Our team based in Seattle conducted a comprehensive review including evolving trends in the management of Merkel cell carcinoma (MCC). This summary covers key decision points, including recommended work-up during initial diagnosis, treatment options for MCC when it’s in one place or has spread, management of recurrent MCC, and new treatments that are showing promise with fewer side effects and good results. This review gives valuable information on how to handle MCC overall and emphasizes new methods that are effective and less toxic on patients.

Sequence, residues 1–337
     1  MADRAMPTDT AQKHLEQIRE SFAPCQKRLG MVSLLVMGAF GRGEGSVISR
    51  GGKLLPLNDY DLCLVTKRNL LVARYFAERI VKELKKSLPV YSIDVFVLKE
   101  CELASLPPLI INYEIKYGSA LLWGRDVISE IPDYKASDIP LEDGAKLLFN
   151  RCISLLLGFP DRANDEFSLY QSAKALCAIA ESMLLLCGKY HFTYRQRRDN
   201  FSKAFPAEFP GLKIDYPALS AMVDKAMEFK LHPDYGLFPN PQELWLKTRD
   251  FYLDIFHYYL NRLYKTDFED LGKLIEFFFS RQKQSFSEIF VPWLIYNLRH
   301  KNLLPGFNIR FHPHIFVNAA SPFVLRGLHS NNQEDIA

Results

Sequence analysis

Merkel cell carcinoma (MCC) is a rare but aggressive neuroendocrine skin cancer with a disease-specific mortality of approximately 40 %. The association of MCC with a recently discovered polyomavirus, combined with the increased incidence and mortality of MCC among immunocompromised patients, highlight the importance of the immune system in controlling this cancer. Initial management of MCC is summarized within the NCCN guidelines and in recently published reviews. The high rate of recurrent and metastatic disease progression in MCC, however, presents a major challenge in a cancer that lacks mechanism-based, disease-specific therapies. Traditional treatment approaches have focused on cytotoxic chemotherapy that, despite frequent initial efficacy, rarely provides durable responses and has high morbidity among the elderly. In addition, the immunosuppressive nature of chemotherapy is of concern when treating a virus-associated cancer for which survival is unusually tightly linked to immune function. With a median survival of 9.6 months after development of an initial metastasis (n = 179, described herein), and no FDA-approved agents for this cancer, there is an urgent need for more effective treatments. We review diverse management options for patients with advanced MCC, with a focus on emerging and mechanism-based therapies, some of which specifically target persistently expressed viral antigens. These treatments include single-dose radiation and novel immunotherapies, some of which are in clinical trials. Due to their encouraging efficacy, low toxicity, and lack of immune suppression, these therapies may offer viable alternatives to traditional cytotoxic chemotherapy.